As a writer and avid reader, it is no surprise I have a penchant for lexicon. Further to that, I am of the view there are many rarely used words that deserve a more regular airing. Though I might now add hypertrophied and verisimilitude to this list, I am happy to report that I managed to slot a number of last year’s nominees into sentences during 2020.  

  1. Apoplexy: extreme anger, haemorrhage
  2. Beatitude: great blessedness
  3. Chiaroscuro: light & shade in a picture
  4. Circumambient: encompassing
  5. Effulgence: brilliant radiance
  6. Fecund: fertile
  7. Genuflection: kneeling, paying deep respect, grovelling
  8.  Irredentist: a kind of nationalism, wanting the return of former territories  
  9.  Lambent: soft, bright, radiant
  10.  Metier: area of special ability, forte
  11.  Numina: deity, or magical entity – plural form of numen
  12.  Occidental: Western, Western countries, culture, etc
  13.  Perambulate: to walk, travel through, traverse
  14.  Pulchritude: physical beauty
  15.  Quisling: traitor, collaborator
  16.  Rutilant: glowing red or golden
  17.  Threnody: a lament or requiem
  18.  Tramontane: beyond the mountains, barbarous
  19.  Vespertine: relating to or occurring in the evening
  20.  Vituperative: abusive, highly insulting
  21.  Yammer: to complain, whine, consistently moan

Last year’s list # 19/20: posted 31/12/19

20 New Year resolutions I am highly unlikely to make

As a serial non-resolver, I am unlikely to adopt any serious New Year missions. Certainly, none of the 20 below made the cut this time round. (In fact, the closest thing I have made to a resolution for 2021 is to more consciously practise breathing deeply. Does that count?)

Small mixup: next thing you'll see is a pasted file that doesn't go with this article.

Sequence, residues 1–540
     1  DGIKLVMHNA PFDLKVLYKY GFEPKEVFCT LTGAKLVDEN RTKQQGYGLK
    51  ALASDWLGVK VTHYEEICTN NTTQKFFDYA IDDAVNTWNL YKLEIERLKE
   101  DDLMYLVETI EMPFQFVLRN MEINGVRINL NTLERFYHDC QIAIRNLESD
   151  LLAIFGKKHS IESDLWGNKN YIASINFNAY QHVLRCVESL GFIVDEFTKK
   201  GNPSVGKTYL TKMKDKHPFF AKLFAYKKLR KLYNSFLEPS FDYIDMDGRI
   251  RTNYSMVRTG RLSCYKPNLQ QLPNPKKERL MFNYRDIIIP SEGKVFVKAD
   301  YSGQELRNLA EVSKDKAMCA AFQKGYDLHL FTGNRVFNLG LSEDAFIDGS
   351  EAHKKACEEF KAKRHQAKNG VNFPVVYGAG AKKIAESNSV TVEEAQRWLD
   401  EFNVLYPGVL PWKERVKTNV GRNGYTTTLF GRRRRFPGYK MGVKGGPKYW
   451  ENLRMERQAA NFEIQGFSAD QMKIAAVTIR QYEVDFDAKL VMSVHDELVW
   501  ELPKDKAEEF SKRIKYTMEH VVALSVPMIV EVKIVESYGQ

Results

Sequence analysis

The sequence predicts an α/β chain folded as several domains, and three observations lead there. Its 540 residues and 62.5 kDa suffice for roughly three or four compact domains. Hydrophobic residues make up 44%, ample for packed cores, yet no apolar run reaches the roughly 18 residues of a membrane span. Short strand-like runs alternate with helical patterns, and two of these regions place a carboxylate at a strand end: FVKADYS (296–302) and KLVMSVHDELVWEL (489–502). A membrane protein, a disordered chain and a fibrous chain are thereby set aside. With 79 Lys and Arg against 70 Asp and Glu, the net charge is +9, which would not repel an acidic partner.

1.  Start a family
  2.  Join a church
  3.  Buy a gun
  4.  Give up coffee
  5.  Give up cheese
  6.  Give up bread
  7.  Settle down in the ‘burbs
  8.  Entirely give up ‘naughty’ pursuits
  9.  Get a tattoo
  10.  Join a men’s group
  11.  Do the online dating & ‘fuck-finder’ thing
  12.  Explore babysitting & child minding opportunities
  13.  Take up gym membership
  14.  Study marketing
  15.  Keep my genitals shiny & waxed
  16.  Get back into teaching
  17.  Employ a business mentor or life coach
  18.  Assiduously update phone & other gizmos
  19.  Commit to doing the lottery every week
  20.  Start shaving every day


It would be remiss of me not to follow my erstwhile mentor’s marketing advice by neglecting to include yet another blatant plug for my book. So, just in case you needed reminding … The Pointless Revolution! (The Economics Of Doing Whatever You Want) is out now, published by Everytime Press. Buy a copy in print or electronic form right here.

1: For more on the perils of the marketing worldview and its corrosive effect on art, check out Here Comes The Money Shot.

2: Last April, inspired by the enforced slowing of Melbourne’s first lockdown, I published a piece called In Praise Of Stillness. Hit the link to read more.